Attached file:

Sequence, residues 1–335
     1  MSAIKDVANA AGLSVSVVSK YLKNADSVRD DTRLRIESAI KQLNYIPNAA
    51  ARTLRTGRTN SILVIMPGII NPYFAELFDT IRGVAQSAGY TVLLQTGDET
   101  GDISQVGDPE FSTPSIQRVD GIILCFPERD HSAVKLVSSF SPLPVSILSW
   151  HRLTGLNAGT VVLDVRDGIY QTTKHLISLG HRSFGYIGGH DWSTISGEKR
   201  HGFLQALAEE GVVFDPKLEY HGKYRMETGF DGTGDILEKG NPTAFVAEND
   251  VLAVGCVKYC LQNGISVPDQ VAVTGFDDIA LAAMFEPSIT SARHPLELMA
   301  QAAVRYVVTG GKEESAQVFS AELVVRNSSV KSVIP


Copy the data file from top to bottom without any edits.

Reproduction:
Sequence, residues 1–335
     1  MSAIKDVANA AGLSVSVVSK YLKNADSVRD DTRLRIESAI KQLNYIPNAA
    51  ARTLRTGRTN SILVIMPGII NPYFAELFDT IRGVAQSAGY TVLLQTGDET
   101  GDISQVGDPE FSTPSIQRVD GIILCFPERD HSAVKLVSSF SPLPVSILSW
   151  HRLTGLNAGT VVLDVRDGIY QTTKHLISLG HRSFGYIGGH DWSTISGEKR
   201  HGFLQALAEE GVVFDPKLEY HGKYRMETGF DGTGDILEKG NPTAFVAEND
   251  VLAVGCVKYC LQNGISVPDQ VAVTGFDDIA LAAMFEPSIT SARHPLELMA
   301  QAAVRYVVTG GKEESAQVFS AELVVRNSSV KSVIP